The way women’s issues have been conceptualised and acted on in the context of water, sanitation, and hygiene (WASH) has changed over the past four decades. The discourses and trends in development studies – from the Women in Development approach of the 1970s to Gender and Development in the 1980s – were mirrored in the WASH sector. The WASH sector has contributed to, and been shaped by, debates on women’s needs and, latterly, on gender perspectives based on a combined argument for equity and efficiency. In addition, in the last decade, the WASH sector has developed its own distinctive initiatives, such as menstrual hygiene management and, recently, specific WASH considerations relating to gender-based violence. This paper assesses whether the result of this sector-specific response has been a dilution or distillation of gender issues. It concludes that the WASH sector has not disregarded the goals of women’s empowerment and gender equality; rather, it has contributed to understandings of how resources – such as infrastructure and services – underpin that empowerment. This allows an important recognition of the value and impact of WASHsector priorities and actions for the wider well-being of women.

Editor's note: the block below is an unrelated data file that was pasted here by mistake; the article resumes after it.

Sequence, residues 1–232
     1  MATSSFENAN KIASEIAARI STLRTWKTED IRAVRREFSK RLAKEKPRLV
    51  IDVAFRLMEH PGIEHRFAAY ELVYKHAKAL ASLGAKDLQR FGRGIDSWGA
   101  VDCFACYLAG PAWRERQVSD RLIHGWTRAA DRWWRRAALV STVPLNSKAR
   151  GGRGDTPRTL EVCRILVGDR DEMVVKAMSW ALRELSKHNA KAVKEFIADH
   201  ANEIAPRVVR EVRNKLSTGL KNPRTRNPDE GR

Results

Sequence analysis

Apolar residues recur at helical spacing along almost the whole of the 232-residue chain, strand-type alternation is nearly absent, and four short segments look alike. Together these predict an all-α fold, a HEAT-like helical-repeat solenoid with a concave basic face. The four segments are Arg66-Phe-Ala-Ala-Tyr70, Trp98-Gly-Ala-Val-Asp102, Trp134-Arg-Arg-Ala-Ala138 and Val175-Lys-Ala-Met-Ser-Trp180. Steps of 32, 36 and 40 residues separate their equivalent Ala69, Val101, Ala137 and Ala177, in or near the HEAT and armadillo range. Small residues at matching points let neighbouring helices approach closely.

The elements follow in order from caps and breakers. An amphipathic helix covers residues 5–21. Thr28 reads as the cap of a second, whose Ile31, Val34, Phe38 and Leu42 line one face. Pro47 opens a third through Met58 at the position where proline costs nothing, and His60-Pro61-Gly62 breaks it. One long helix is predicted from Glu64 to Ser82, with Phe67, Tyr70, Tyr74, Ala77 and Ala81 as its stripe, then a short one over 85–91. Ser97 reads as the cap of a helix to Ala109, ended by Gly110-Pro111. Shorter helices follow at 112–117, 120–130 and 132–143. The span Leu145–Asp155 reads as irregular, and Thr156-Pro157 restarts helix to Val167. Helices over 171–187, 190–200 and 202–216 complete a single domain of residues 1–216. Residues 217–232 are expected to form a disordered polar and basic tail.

This article is hosted by our co-publisher Taylor & Francis. For the full table of contents for this and previous issues of this journal, please visit the Gender and Development website.